News

COMMUNITY GAME UPDATE: Return to competitive play delayed until 2021

26 Sep 2020 11:54 | Devon RFU

Return to competitive play in 2020/21 season delayed to January 2021 earliest

Under powers delegated by Council, the RFU Governance Committee made a difficult decision that, with the exception of Premiership, Championship and Premier 15s rugby, no organised* RFU or non-RFU Leagues including merit tables, adult or age grade competitions will be played before January 2021 at the earliest.

With the increased uncertainly caused by Government’s additional restrictions to curb the increase in Covid-19 cases across the country, the decision has been made so that we can provide clubs with some certainty over the next few months.

The rugby community can continue to organise non-contact fixtures with other clubs using Ready4Rugby and other touch rugby activity. Limited and restricted contact rugby training can also be continued.

The RFU continues to be in active dialogue with government about moving to Stage E on the Roadmap should we reach this point at any time before Christmas, competitive friendly matches could commence.

The Adult and Age Grade Competitions Groups will be making recommendations to Governance on what they can do to ensure that any competitions from January are meaningful, including whether to make changes to the structured season.

Governance also agreed that any decision to suspend promotion and relegation for the 2020/21 season would be referred to Council once the nature of the competitions is known.

Further guidance will be provided in due course to support clubs, schools, colleges and universities in playing to the relevant stage of the appropriate Roadmap stage.

Jeff Blackett, RFU President, comments: “We are very keen to see competitive rugby being played again. However, given the introduction of further restrictions to curb the increase in Covid-19 cases, we will not be able to move to Stage F on the Roadmap until a later date. This announcement gives clubs clarity over the immediate term to help them with their planning. We will continue to liaise with the Department for Digital, Culture, Media and Sport and Public Health England to accelerate a return to competitive play as soon as it is safe to do so.”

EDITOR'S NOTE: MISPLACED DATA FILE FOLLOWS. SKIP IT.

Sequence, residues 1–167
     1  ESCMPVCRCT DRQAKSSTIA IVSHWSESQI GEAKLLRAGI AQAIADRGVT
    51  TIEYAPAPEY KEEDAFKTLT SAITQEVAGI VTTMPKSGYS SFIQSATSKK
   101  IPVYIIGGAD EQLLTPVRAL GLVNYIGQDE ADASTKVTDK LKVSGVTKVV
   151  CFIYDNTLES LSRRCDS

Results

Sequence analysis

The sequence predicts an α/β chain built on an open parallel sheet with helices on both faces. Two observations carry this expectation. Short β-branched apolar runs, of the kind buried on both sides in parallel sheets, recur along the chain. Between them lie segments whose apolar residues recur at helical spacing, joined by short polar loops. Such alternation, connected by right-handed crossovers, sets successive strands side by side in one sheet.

Although social gatherings of more than six people were banned in England from Monday 14 September and a number of local lockdown restrictions put in place in some areas of the country, the Government has confirmed that organised sports and activities that have been through return to play protocols can continue. With the exception of clubs impacted by local lockdown restrictions, we continue at Stage D on the Roadmap.

Clubs in areas where additional local lockdown measures have been introduced may need to limit their activities in line with any local restrictions. All are advised to consult with their local authority should they be in any doubt.

*Organised competition in this instance includes any competition organised by the RFU, its delegated competition organising committees, or any other league or cup organiser.